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St. Mary's University

Legal Profession

Lawyer

2016

Articles 1 - 5 of 5

Full-Text Articles in Law

Am I A “Licensed Liar”?: An Exploration Into The Ethic Of Honesty In Lawyering . . . And A Reply Of “No!” To The Stranger In The La Fiesta Lounge, Josiah M. Daniel Iii Dec 2016

Am I A “Licensed Liar”?: An Exploration Into The Ethic Of Honesty In Lawyering . . . And A Reply Of “No!” To The Stranger In The La Fiesta Lounge, Josiah M. Daniel Iii

St. Mary's Journal on Legal Malpractice & Ethics

After hearing for the first time the lawyer-disparaging phrase, “licensed liar,” the author investigated its significance. This article presents the question of those two words’ meaning and explains how the author reached the conclusion that, as applied to attorneys, the phrase is an unmerited epithet. The phrase is known and utilized in nonlegal texts in fields such as fiction, poetry, literary criticism, and journalism, but the two words are absent from legal texts. The author’s discovery of the phrase in various criticisms of lawyers in other publications illuminates and confirms that the phrase constitutes the pejorative allegation that an attorney …


The Impact Of Technological Developments On The Rules Of Attorney Ethics Regarding Attorney–Client Privilege, Confidentiality, And Social Media, Pamela A. Bresnahan, Lucian T. Pera Dec 2016

The Impact Of Technological Developments On The Rules Of Attorney Ethics Regarding Attorney–Client Privilege, Confidentiality, And Social Media, Pamela A. Bresnahan, Lucian T. Pera

St. Mary's Journal on Legal Malpractice & Ethics

This article focuses on the development of the law of ethics and technology. Emphasis is placed on how technological developments have affected the rules and means by which lawyers practice law and certain ethical pitfalls that have developed hand-in-hand with technological advancements. Topics examined include: (1) the ways by which electronic communication has increased the potential for the attorney–client privilege to be waived and the resulting impact on the present-day practice of law; (2) the effect of social media on lawyers’ ethical obligations, including counseling clients regarding the client’s use of social media and the lawyer’s own use of social …


Responding To Judicial And Lawyer Misconduct: Analyzing A Survey Of State Trial Court Judges, Peter M. Koelling Dec 2016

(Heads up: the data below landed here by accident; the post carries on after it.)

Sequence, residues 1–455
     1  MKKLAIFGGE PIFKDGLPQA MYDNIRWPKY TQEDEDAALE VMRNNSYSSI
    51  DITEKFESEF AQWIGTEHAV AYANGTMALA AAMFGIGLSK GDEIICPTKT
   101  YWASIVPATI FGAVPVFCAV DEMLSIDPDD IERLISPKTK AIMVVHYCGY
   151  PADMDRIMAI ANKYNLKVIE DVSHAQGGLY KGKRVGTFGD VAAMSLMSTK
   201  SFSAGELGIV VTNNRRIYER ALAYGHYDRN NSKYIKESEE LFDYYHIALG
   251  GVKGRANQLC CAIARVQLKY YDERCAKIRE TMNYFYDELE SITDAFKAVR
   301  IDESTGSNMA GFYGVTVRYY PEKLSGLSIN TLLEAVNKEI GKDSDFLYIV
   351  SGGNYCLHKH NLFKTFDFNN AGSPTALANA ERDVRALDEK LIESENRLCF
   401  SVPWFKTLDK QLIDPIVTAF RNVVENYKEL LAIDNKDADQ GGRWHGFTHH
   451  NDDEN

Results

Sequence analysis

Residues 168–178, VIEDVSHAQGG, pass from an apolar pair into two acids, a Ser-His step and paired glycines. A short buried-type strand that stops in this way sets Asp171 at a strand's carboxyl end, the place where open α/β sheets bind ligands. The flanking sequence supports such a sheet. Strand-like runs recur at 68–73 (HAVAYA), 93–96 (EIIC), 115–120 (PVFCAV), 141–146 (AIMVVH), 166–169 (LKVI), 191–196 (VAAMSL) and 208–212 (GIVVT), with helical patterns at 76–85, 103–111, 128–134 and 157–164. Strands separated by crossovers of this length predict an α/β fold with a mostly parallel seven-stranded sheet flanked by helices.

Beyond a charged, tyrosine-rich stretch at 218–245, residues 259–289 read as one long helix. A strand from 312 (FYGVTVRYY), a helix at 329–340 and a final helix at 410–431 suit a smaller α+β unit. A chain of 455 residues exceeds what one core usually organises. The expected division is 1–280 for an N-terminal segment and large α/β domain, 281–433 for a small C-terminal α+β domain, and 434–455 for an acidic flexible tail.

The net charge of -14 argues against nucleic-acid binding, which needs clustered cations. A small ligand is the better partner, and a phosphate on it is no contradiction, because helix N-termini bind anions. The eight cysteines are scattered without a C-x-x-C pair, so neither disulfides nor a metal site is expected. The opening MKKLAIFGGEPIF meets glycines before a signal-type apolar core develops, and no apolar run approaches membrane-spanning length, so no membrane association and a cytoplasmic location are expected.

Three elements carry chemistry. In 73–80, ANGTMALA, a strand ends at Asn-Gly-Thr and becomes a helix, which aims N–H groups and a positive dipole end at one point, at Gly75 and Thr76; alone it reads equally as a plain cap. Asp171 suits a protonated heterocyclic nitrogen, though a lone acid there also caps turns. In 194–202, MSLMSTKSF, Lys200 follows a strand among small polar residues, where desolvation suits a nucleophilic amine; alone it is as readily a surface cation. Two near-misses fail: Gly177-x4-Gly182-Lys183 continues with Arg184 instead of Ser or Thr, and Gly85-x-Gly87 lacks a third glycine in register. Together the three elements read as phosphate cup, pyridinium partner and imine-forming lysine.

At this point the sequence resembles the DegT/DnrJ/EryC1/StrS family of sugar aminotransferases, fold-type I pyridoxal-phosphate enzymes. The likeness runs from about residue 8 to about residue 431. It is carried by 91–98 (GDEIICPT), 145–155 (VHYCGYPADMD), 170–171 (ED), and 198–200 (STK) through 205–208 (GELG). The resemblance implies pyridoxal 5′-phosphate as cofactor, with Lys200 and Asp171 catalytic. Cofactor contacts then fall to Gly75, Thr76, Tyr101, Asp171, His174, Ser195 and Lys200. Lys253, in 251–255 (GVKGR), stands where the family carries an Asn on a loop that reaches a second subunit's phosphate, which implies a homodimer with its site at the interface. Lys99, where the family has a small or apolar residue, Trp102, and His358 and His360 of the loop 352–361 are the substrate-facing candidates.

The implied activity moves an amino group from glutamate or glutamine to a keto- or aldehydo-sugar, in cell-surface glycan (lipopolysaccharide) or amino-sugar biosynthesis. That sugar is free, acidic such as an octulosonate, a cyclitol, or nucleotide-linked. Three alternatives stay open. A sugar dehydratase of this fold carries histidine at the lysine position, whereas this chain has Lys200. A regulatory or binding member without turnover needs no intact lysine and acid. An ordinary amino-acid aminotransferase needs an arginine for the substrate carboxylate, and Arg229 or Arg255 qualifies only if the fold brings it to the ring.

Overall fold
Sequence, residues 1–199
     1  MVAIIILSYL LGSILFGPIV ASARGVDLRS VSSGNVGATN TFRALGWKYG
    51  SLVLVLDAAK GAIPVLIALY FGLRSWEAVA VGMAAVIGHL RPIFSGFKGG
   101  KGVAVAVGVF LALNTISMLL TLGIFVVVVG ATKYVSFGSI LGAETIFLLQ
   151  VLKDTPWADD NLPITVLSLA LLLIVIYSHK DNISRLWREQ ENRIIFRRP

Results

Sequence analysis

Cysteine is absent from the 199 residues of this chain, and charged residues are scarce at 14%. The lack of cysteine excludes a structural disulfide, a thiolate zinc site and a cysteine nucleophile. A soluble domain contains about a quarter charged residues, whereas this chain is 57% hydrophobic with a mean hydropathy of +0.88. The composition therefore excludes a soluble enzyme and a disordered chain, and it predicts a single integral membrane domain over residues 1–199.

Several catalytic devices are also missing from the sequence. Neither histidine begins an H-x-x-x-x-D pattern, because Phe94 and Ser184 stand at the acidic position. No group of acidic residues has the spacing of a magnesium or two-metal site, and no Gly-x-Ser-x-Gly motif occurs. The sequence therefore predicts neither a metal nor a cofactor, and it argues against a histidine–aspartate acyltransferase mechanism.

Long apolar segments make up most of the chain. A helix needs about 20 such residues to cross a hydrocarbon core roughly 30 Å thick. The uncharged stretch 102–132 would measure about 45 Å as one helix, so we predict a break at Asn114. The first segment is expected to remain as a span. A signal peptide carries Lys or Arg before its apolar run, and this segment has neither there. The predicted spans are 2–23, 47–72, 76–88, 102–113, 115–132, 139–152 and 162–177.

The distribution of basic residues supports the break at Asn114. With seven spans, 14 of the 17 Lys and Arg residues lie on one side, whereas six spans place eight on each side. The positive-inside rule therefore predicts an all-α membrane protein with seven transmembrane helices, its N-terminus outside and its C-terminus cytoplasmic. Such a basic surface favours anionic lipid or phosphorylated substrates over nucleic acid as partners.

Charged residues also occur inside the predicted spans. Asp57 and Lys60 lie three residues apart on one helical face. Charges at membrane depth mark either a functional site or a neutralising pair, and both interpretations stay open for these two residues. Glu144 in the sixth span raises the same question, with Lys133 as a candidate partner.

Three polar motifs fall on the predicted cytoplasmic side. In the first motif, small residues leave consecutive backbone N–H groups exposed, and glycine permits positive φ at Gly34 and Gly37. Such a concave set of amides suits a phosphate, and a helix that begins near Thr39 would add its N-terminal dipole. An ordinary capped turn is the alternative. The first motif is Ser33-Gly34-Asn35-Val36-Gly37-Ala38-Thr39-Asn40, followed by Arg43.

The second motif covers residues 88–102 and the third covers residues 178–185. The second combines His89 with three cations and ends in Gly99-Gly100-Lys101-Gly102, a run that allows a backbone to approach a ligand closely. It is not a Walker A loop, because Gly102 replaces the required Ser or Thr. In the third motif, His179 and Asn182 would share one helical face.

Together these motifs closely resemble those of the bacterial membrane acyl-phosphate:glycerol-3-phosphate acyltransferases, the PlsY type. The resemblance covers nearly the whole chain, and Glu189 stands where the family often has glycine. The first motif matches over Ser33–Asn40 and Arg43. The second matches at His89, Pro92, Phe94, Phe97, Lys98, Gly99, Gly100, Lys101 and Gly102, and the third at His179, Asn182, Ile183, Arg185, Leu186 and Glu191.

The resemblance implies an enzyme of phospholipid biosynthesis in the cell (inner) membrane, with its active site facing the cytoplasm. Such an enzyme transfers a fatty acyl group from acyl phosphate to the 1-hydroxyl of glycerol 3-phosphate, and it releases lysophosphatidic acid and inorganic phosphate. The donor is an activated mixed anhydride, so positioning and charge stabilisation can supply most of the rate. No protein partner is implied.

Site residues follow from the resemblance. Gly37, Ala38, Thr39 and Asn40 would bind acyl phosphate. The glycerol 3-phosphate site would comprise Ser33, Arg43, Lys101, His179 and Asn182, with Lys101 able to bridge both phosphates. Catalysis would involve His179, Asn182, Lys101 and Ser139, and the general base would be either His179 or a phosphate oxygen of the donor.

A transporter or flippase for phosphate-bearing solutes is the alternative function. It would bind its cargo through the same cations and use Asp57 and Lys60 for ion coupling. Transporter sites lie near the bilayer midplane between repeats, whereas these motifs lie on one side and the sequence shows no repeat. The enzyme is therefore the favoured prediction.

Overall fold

Responding To Judicial And Lawyer Misconduct: Analyzing A Survey Of State Trial Court Judges, Peter M. Koelling

St. Mary's Journal on Legal Malpractice & Ethics

While reported cases or incidents may give us insight into the interpretation of Rule 2.15 of the Model Code of Judicial Conduct, they do not give us a sense of how often judges undertake the obligation to act under the rule. The Judicial Division of the American Bar Association developed a survey to explore the interpretation and the implementation of Rule 2.15 of the Model Code of Judicial Conduct, and to determine how and in what manner state trial court judges responded to ethical violations by lawyers and other judges. The survey looked back over a ten-year period and was …


Avoiding Grievances: 25 Things You Can Do, David Bright May 2016

Avoiding Grievances: 25 Things You Can Do, David Bright

St. Mary's Journal on Legal Malpractice & Ethics

Despite the high probability lawyers face of having grievances filed against them, there are best practices a lawyer can follow to lower the risk of facing a charge. The purpose of this Essay is to identify the most common situations that give rise to grievances against conscientious, skilled lawyers; to suggest ways that those lawyers can avoid grievances; and to suggest a sensible approach for practitioners facing a grievance.


An Analysis Of Austin Lawyers Guild V. Securus Technologies, Inc.: The Constitutional And Ethical Implications Of Using Illegally Recorded Attorney–Client Telephone Conversations As Derivative Evidence, Christina Santos May 2016

An Analysis Of Austin Lawyers Guild V. Securus Technologies, Inc.: The Constitutional And Ethical Implications Of Using Illegally Recorded Attorney–Client Telephone Conversations As Derivative Evidence, Christina Santos

St. Mary's Journal on Legal Malpractice & Ethics

For the justice system to operate effectively, privileged communications between an attorney and his or her client should be afforded the utmost and strictest protections. Intrusion by law enforcement upon these communications severely diminishes the confidence and candor needed in the attorney-client relationship. Although the United States Supreme Court recognizes prosecutorial immunity and generally leaves prosecutorial discipline to state bar authorities, the Court has long held that the attorney-client privilege is needed for attorneys to effectively advocate on behalf of their clients.

Austin Lawyers Guild v. Securus Technologies, Inc., a civil class-action lawsuit, is currently pending before the United …